Initial victories in these conflicts tempted many analysts to conclude that technological prowess had given the United States a decisive advantage. After-action assessments deflate these conclusions. In Kosovo, the success of the air campaign was measured primarily in terms of U.S. and NATO losses—outcomes determined more by rules of engagement than by the technology used. In Iraq, assessing the impact of precision-guided munitions at the outset of both invasions is complicated by the fact that they often were used in conjunction with less sophisticated, unguided ordnance. Nonetheless, enough data are available for serious analysts of both wars to highlight the importance of so-called “legacy” assets in completing critical tasks and to stress that the capabilities of the adversary, the terrain, and even the weather were particularly conducive to U.S. operations.

None of these conditions would be met in a conflict with China. China’s electromagnetic, air, cyber, and missile capabilities are formidable; its surrounding seas and coastal terrain are not static, flat, and featureless; and the PLA is well-trained and committed. These characteristics reduce the value of large, centralizing platforms—like aircraft carriers and the planned Joint all Domain Command and Control (JADC2) system—and increase the return on investment in technologies that promote flexibility, support mobility, and enable localized decisionmaking.

The Marine Corps offers an example of what this kind of technology pragmatism looks like. The Commandant’s Planning Guidance from 2019, the Force Design 2030 from 2020, and A Concept for Stand-in Forces from last year together offer a cohesive, if still developing, description of what the Marine Corps must be able to achieve in the near term and of how to do so. Clarity about the functions the Marine Corps must fulfill begets clarity about the role of technology, and so it is pursuing mobile, expendable tools that enable small and dispersed elements to conduct reconnaissance and to make timely, informed choices about maneuver and engagement. These capabilities will be useful in a high-end warfight, should that be necessary, and also in the conduct of daily competition—used to detect unwanted adversarial behaviors short of war and to mobilize to deter or rebuff them quickly. When faced with the option of continuing to chase future funding for a next-generation multifunctional drone system or to purchase the proven MQ-9 Reaper this year, the Marines chose the latter, a decision that prioritized function over form. The 2022 NDAA-mandated commission to review the PPB&E process might take note of this as a demonstration of how coherent strategy makes it possible to reconcile the tension between short-term budgeting and long-term force planning.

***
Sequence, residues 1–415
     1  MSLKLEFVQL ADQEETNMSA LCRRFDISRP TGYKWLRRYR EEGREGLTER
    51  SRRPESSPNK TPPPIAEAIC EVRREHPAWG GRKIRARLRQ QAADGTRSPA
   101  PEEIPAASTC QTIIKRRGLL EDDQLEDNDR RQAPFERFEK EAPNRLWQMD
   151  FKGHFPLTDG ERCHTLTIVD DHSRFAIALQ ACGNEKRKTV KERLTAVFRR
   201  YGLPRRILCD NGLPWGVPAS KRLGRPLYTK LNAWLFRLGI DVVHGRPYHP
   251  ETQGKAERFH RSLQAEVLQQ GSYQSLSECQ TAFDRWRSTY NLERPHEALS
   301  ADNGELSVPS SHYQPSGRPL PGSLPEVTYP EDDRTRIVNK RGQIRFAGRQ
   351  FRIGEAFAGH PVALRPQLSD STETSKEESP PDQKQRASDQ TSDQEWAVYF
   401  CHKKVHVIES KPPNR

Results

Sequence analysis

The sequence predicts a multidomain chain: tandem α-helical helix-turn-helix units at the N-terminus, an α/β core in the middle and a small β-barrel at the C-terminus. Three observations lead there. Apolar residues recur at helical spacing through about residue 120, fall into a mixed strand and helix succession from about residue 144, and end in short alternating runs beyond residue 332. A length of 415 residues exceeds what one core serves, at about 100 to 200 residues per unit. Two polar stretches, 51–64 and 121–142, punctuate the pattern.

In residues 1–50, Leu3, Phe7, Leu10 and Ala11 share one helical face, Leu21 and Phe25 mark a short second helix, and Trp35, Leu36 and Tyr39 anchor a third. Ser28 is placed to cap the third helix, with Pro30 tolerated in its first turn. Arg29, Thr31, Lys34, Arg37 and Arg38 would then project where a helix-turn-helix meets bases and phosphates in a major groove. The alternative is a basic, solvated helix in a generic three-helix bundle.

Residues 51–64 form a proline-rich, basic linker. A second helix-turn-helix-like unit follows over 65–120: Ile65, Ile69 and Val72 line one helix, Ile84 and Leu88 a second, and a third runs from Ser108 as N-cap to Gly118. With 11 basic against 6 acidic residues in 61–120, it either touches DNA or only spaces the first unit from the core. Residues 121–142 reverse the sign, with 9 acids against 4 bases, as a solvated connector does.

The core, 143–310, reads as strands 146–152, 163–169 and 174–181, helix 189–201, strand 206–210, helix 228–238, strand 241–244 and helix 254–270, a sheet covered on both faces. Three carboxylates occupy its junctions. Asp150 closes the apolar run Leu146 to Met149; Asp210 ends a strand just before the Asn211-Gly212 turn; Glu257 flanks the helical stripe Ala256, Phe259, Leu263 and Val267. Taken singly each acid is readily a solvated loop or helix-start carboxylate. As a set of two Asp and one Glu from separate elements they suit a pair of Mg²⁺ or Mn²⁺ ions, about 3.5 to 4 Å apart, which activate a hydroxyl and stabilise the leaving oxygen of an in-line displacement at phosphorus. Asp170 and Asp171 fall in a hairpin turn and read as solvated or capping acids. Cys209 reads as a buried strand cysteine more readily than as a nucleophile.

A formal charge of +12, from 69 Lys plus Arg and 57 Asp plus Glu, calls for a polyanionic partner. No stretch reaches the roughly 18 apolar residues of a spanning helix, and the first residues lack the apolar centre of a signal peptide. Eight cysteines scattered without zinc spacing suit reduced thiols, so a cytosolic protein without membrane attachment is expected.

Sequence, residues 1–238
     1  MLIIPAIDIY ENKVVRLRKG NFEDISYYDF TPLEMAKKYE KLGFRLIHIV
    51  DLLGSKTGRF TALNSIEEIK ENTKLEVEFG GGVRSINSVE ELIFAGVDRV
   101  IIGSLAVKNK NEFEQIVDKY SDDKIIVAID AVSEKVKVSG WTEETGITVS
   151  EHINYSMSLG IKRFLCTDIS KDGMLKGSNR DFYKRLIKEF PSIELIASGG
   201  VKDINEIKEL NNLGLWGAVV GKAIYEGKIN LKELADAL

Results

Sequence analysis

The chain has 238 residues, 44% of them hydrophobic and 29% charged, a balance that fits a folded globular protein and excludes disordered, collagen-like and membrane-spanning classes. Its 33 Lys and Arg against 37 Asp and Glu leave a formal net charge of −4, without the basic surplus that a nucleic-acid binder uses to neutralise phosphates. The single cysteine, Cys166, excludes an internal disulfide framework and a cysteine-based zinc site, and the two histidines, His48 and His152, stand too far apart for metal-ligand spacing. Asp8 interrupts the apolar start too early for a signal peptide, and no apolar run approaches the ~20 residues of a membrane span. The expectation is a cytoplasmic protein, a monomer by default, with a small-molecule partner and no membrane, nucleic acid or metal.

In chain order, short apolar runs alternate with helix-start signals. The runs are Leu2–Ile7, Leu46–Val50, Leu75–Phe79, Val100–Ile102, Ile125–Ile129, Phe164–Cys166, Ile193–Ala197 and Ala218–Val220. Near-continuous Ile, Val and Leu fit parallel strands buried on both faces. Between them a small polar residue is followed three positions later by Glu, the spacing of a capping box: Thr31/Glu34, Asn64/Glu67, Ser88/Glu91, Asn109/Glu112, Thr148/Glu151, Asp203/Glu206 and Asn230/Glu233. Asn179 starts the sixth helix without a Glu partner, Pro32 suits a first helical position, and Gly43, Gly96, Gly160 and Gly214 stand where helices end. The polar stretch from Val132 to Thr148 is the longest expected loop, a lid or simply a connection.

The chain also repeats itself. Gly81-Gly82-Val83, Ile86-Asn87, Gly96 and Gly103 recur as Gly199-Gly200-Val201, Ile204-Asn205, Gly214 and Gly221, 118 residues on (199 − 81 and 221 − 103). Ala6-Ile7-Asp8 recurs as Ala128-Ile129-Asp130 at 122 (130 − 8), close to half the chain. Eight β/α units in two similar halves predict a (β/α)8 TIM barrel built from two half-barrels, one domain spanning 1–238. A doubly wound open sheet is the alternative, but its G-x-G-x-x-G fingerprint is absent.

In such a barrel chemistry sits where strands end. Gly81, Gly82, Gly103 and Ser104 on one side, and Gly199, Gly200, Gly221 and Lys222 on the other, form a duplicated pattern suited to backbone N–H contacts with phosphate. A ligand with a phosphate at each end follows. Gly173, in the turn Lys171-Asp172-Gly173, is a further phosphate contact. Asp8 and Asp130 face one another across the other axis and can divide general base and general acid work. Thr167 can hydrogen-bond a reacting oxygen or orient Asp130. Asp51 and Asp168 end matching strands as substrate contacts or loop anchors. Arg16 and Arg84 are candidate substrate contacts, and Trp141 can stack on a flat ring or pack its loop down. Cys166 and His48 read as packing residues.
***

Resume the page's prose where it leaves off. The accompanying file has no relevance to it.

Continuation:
Informed buyer

Technology firms often credit individual leadership with acquisition successes. When there is a buyer who understands how a tool will be useful, the DoD process is a hurdle, but not an obstacle, on the way to getting a deal done. This does not require expertise in technology. Knowing how a technology works is not prerequisite to understanding how it can be used. Knowing what needs to be done, however, is prerequisite to understanding whether a technology will be useful.

Today’s technology companies are especially good at designing tools to fulfill clearly articulated functional needs. The areas in which the greatest advances are being made are in capturing data and in using sophisticated processing techniques—like machine learning—to enable people to make more informed choices, faster. The imperative for the Services and Joint Staff therefore is not to seek grand system-of-system solutions, but rather to identify common and recurrent operational tasks for which the addition of information, or of more timely information, will help forces know where to be, what to expect when they get there, and how to maximize their likelihood of mission success. For the defense-wide organizations, the imperative is to identify business questions that currently go unanswered, to find ways to reduce transaction costs, to enhance productivity, and generally to make the experience of working for the DoD better.

The DoD acquisition process is an easy target for Silicon Valley’s ire. Yet it is far from clear that process reform alone will make the DoD a better buyer. It is not wrong, after all, for the process to demand that fiduciaries of public money articulate functional goals, define achievable requirements, set feasible milestones, fund at realistic levels, and be held accountable to those plans. But in the absence of pragmatic, clearly defined strategies to drive acquisition, process reform on its own will never deliver the modernized military that the United States needs.

Melanie W. Sisson is a fellow in the Foreign Policy program’s Center for Security, Strategy, and Technology where she researches the use of the armed forces in international politics, U.S. national security strategy, and military applications of emerging technologies.